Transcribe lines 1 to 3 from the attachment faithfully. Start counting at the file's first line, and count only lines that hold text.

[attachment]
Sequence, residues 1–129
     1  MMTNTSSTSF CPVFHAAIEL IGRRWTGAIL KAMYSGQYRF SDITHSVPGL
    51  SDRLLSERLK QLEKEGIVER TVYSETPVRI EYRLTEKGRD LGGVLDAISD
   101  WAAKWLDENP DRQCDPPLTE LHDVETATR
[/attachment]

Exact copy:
Sequence, residues 1–129
     1  MMTNTSSTSF CPVFHAAIEL IGRRWTGAIL KAMYSGQYRF SDITHSVPGL
    51  SDRLLSERLK QLEKEGIVER TVYSETPVRI EYRLTEKGRD LGGVLDAISD